On September 12, 1979, an advertisement for a rally appeared in the campus newspaper, the Daily Iowan. The outline of a woman with bows and arrows, shooting into the night sky was accompanied with the promise, “Friday evening at 8 p.m., the women of Iowa City will have a chance to support each other in a move to reclaim the freedom that comes from being unafraid.” September 14th, 1979 would be Iowa City’s first major Take Back the Night Rally. The rally inspired hundreds of women to attend, spawned weeks of angry debate in the Daily Iowan, and started a tradition of rallies against sexual violence in Iowa City that continues over forty years later.
The term Take Back the Night had been coined just two years earlier in 1977 when activist Anne Pride used it as the title of a memorial at an anti-violence rally in Pittsburgh, Pennsylvania. The phrase became a rallying cry for women sick of being afraid to walk alone at night and tired of rapists getting away with their crimes. The movement spread quickly, and by the summer of 1979, Iowa City had already had one small rally protesting a local spike in violence against women. After this, Iowa City women formed a committee, supported by the University’s Women’s Resource and Action Center, to plan a larger rally “for women to assert their right to safety on the streets and in their homes.”
The rally took place from 8:00 to 10:00 pm at College Green Park, near the downtown, which had become a hot spot for rape, attempted rape, and sexual harassment. The Rape Victim Advocacy Program provided maps of the area to attendees marking over 100 reported incidences of sexual violence from January 1978 to March 1979.
In response to this reality, Take Back the Night’s schedule had strong themes of education, self-expression, and self-defense. The planning committee included other organizations like a local chapter of NOW and the Rape Victim Advocacy Program and the University of Iowa’s Taekwondo Club to provide self-defense tactics to women in attendance. Local artists also inspired attendees with songs like “Fight Back” by Holly Near with powerful lyrics:
“Some have an easy answer
Buy a lock and live in a cage
But my fear is turning to anger
And my anger is turning to rage
And I won’t live my life in a cage – no!”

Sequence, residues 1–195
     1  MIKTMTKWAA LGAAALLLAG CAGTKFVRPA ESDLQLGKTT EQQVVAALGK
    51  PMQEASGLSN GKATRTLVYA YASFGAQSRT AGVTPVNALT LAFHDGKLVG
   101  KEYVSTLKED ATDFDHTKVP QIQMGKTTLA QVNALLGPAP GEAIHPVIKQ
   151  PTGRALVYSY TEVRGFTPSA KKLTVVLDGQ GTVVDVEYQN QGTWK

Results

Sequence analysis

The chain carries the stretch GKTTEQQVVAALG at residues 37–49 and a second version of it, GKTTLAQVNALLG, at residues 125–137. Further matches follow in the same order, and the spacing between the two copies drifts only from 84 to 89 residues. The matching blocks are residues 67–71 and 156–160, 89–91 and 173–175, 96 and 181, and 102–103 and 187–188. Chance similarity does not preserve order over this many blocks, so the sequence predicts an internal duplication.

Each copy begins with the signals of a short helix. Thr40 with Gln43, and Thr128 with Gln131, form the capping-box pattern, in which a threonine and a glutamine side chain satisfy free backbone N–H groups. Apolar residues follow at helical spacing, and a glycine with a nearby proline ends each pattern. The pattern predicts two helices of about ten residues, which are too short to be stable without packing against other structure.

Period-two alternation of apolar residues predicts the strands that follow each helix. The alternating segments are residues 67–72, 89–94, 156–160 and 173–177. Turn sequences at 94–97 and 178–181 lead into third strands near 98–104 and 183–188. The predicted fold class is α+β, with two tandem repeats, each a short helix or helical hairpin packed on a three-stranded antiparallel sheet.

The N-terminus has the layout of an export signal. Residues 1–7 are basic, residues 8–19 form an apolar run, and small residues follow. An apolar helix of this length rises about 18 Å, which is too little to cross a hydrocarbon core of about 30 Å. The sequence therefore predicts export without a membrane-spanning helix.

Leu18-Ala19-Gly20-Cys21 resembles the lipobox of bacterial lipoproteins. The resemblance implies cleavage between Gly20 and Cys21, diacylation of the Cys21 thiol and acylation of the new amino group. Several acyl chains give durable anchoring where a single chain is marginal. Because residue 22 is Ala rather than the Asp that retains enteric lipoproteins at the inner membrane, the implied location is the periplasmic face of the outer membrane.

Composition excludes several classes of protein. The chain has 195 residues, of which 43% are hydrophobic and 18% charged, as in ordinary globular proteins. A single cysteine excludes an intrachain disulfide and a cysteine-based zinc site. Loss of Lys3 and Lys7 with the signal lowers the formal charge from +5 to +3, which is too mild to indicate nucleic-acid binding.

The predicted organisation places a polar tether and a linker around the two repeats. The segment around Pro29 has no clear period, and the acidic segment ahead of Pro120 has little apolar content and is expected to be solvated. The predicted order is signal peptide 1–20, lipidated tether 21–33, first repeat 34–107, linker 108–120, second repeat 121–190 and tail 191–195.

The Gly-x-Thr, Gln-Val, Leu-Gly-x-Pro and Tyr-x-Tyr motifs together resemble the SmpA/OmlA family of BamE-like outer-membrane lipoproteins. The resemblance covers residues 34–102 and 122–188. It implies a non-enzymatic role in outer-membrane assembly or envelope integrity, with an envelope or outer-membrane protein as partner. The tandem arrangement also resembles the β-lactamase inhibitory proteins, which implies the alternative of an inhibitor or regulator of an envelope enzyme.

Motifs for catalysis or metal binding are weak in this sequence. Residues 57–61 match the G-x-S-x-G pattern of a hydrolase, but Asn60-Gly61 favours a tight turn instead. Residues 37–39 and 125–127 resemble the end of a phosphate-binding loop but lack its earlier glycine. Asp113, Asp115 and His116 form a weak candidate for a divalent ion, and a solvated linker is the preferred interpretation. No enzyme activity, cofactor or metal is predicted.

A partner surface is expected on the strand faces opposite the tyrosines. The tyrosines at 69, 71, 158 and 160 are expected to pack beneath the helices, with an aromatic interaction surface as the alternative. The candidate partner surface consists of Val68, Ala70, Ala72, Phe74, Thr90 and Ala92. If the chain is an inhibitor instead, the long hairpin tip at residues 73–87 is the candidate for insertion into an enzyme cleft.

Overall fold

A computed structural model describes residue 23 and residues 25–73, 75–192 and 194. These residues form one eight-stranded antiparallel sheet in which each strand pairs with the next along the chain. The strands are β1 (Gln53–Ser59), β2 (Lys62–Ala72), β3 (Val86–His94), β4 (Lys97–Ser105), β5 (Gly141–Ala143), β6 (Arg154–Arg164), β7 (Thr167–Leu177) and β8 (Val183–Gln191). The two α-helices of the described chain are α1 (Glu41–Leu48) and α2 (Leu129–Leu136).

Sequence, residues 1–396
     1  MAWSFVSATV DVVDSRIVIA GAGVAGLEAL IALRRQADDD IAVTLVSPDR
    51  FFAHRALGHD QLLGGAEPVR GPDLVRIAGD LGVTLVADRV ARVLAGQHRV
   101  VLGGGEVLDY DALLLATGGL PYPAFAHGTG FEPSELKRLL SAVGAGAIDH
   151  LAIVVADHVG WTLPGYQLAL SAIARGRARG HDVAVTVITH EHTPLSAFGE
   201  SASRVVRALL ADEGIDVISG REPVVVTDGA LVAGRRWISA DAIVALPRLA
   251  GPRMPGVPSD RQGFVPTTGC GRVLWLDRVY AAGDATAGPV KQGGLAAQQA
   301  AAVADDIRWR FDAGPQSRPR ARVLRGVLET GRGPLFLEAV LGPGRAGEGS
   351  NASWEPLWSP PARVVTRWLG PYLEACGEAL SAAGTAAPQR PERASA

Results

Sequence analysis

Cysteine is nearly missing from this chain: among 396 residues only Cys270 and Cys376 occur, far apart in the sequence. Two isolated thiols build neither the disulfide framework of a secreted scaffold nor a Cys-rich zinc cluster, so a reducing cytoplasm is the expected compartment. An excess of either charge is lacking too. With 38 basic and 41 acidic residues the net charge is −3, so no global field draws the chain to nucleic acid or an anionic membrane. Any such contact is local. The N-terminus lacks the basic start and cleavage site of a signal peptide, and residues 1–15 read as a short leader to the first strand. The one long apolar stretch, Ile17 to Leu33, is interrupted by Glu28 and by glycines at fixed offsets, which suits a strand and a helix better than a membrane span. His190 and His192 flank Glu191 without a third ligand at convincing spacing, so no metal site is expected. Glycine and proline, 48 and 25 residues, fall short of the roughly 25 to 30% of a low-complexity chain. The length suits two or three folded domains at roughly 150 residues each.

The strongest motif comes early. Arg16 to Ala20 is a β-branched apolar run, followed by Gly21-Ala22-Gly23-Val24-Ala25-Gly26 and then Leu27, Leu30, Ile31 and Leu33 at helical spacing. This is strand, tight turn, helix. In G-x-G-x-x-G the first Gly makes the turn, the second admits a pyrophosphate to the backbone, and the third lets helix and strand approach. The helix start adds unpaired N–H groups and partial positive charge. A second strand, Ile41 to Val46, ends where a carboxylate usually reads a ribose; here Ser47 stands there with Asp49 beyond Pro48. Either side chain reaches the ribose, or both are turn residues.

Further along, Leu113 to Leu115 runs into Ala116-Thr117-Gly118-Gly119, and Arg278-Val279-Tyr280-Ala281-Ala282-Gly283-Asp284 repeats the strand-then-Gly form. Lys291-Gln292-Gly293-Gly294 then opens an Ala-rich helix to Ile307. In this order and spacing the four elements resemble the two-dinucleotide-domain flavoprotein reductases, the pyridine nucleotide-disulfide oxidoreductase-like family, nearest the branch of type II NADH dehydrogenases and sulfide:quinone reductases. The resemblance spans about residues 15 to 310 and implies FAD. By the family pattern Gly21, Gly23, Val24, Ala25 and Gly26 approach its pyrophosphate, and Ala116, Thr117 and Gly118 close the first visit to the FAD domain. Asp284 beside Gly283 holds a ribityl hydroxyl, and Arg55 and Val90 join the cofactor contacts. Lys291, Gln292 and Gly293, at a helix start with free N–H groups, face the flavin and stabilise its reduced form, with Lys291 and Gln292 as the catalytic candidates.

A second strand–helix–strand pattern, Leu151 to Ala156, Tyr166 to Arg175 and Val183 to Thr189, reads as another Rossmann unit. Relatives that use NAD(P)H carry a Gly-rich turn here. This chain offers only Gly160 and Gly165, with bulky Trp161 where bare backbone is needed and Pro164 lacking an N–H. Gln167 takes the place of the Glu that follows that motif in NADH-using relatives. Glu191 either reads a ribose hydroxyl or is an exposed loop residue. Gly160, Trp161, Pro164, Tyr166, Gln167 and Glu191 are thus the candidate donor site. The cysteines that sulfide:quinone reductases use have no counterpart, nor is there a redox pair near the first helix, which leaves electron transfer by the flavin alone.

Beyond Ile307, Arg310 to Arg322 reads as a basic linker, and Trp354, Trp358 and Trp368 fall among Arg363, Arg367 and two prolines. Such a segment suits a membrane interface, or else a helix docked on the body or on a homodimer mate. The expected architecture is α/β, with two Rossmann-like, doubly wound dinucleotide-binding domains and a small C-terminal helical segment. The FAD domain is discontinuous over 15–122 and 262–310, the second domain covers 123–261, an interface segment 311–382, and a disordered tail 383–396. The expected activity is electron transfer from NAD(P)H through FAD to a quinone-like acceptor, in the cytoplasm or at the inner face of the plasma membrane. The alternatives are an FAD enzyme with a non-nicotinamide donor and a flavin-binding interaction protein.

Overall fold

In an event full of rage, perhaps the most infuriating part was a play: “Rape on Trial.” The scene was set as a courtroom with judge, lawyers, and jury. The victim took the stand, detailing a truly awful crime in which a rapist broke into her home and force himself upon her. The characters framed her as an unreliable witness, criticizing her actions like wearing a nightgown and sleeping with the window open on a hot day, while the rapist was valorized for his civic engagement, career, and status as a father. The audience was then privy to the jury’s deliberations during which the jurors say “I think she’s lying,” and “I don’t think that we should ruin this poor man’s life or his whole career for that matter.” The jury found him not guilty. For the women watching, it must have been an emotional, angering experience.
The first major Take Back the Night rally in Iowa City was a success with an attendance of about 500 women, over 300 of which stayed to march after the rally. However, the coverage after the event hinged on something else entirely: the committee’s decision to make Take Back the Night a women’s-only event. Men who approached College Green Park on the night of September 14th were approached by groups of women and given cards stating: “Given the nature of rape and sexual abuse, the presence of men here will make some women uncomfortable. Men sensitive to this issue will demonstrate their concern by not attending this rally which has been organized by women for women. Thank you for your cooperation.” The Rape Crisis Line sponsored an alternate event for men who supported Take Back the Night at the Wesley House downtown.
The women handing out cards were described by some as “guards” and by others as “para-military.” One person even complained to the police. On September 17th the Daily Iowan published an editorial by Michael Humes title “Taking Back Everyone’s Night.” Humes recognized that the rally did let men stay after receiving the card, but then complained about the “exclusionary intent” and accused Take Back the Night of “identifying all men with rapists.” Over the next two weeks, Take Back the Night’s supporters, the Humes camp, and many others in the middle consumed the Daily Iowan’s editorial page with a debate over whether the rally’s planners had been unfair to men. As Jane Vanderbosch insightfully said her letter to the editor, “It is somewhat ironic to realize that Humes’ ‘rage’ was not ‘denied.’ It covered a good portion of the editorial page, as did his ‘possible resentment.’ Neither the rage nor resentment of the 500 women who attended the rally was given much coverage.”
But their rage would continue to be heard in Take Back the Night rallies, and will be again this week on April 26th, 2022 when a Take Back the Night rally will take place on the Pentacrest starting at 6pm. All are encouraged to attend.